I see a fair number of people reading Malcolm Gladwell’s Outliers while I’m commuting. I haven’t read it myself yet, but it seems that a key feature of his case is the “10,000 hour rule”, the idea that many people who are extremely good at a given task have spent at least that long perfecting their skills. (This derives from the work of Anders Ericsson and Herb Simon over the last thirty or forty years).
One of the more perceptive reviews of Gladwell’s book I’ve read is by Michael Nielsen. He brings up the problems that many scientists have had with some of Gladwell’s past work, and according to him, if you weren’t happy with Blink or The Tipping Point, you may well not be happy with this one. (Of course, if you didn’t like those, you probably won’t read this one!) Of course, as a scientist, when you read about something like the ten-thousand-hour rule, the first thing you ask yourself is “Hmm. I wonder if that’s true?” But as Nielsen points out:
There are, of course, many provisos to the 10,000 hour rule. As just one example, to acquire mastery in an area, it’s not enough to just practice for 10,000 hours; the person practicing must constantly strive to get better. Someone who practices without pushing themselves will plateau, no matter how many hours they practice. I suspect many scientists fall afoul of this proviso, putting in enormous hours, but mostly doing administrative or drudge work which doesn’t extend their abilities.
But that said, Nielsen goes on to talk about some scientists who have done great work well before their 10,000 hour mark. These people were working at discontinuities, sudden discoveries that didn’t necessarily build on the past, so they didn’t have as much of a tradition or art to master. A thorough grasp of 19th-century physics didn’t help people much when it came time for quantum mechanics. It wouldn’t be surprising, Nielsen says, if a disproportionate number of great discoveries in science fell into this category.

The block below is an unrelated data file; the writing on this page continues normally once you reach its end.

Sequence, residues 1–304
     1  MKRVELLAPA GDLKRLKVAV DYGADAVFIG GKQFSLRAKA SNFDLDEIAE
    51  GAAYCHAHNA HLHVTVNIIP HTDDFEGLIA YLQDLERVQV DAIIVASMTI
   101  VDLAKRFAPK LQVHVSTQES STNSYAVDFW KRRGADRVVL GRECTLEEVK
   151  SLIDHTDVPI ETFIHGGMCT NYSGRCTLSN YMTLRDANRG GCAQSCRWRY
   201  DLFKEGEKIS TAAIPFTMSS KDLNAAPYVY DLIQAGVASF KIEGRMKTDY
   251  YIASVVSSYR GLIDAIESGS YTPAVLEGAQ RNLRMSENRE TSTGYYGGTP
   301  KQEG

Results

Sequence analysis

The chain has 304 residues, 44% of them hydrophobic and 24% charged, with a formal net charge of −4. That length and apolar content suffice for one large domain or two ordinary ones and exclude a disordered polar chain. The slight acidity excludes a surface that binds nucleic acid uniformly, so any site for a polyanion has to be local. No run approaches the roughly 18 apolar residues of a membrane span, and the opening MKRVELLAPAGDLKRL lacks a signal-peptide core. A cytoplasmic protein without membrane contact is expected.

Now, which category does drug discovery fall into? We have a fair amount of art to be learned and experience to be gained, true. But there’s another factor that confounds things: sheer luck. I think that the fundamental issues of drug design are still so poorly understood that no amount of skill can compensate for them. I’m thinking of difficulties like designing compounds that have good oral absorption or blood-brain barrier penetration – sure, there are guidelines, and there are things that you learn to avoid, but once past those it’s a crap shoot. And then there’s toxicity – you learn pretty quickly not to put known landmine groups into your molecules, but after that, you just have to cross your fingers and hope for the best.
These things also mean that there’s a good amount of work to be done that doesn’t extend a person’s abilities, as the quote above has it. The worst of it is being outsourced these days, the well-known “methyl ethyl butyl futile” stuff, but there’s still a lot of pickaxe work that has to be done in any drug project. It would be a fine thing if ten thousand hours of hard work and practice allowed someone to come in and make nontoxic molecules, but they often have to be discovered by trial and error, and more of the latter.
That said, I take Nielsen’s point about putting in good hours rather than empty ones. As much as possible, I think that we should try to do things that we haven’t done before, learn new skills, and move into untried areas. Try not to get butyl-futiled if you can possibly avoid it; it’s not going to do you much good, personally, to set up another six or eight EDC couplings. There are times that that’s exactly what needs to be done, but don’t set them up just because you can’t think of anything else. This gets back to the point I’ve made about making yourself valuable; anyone can set up amide reactions, unfortunately. Maybe some of the time we spend learning our trade is spent learning how to avoid falling into all the tar pits and time-wasting sinkholes we have.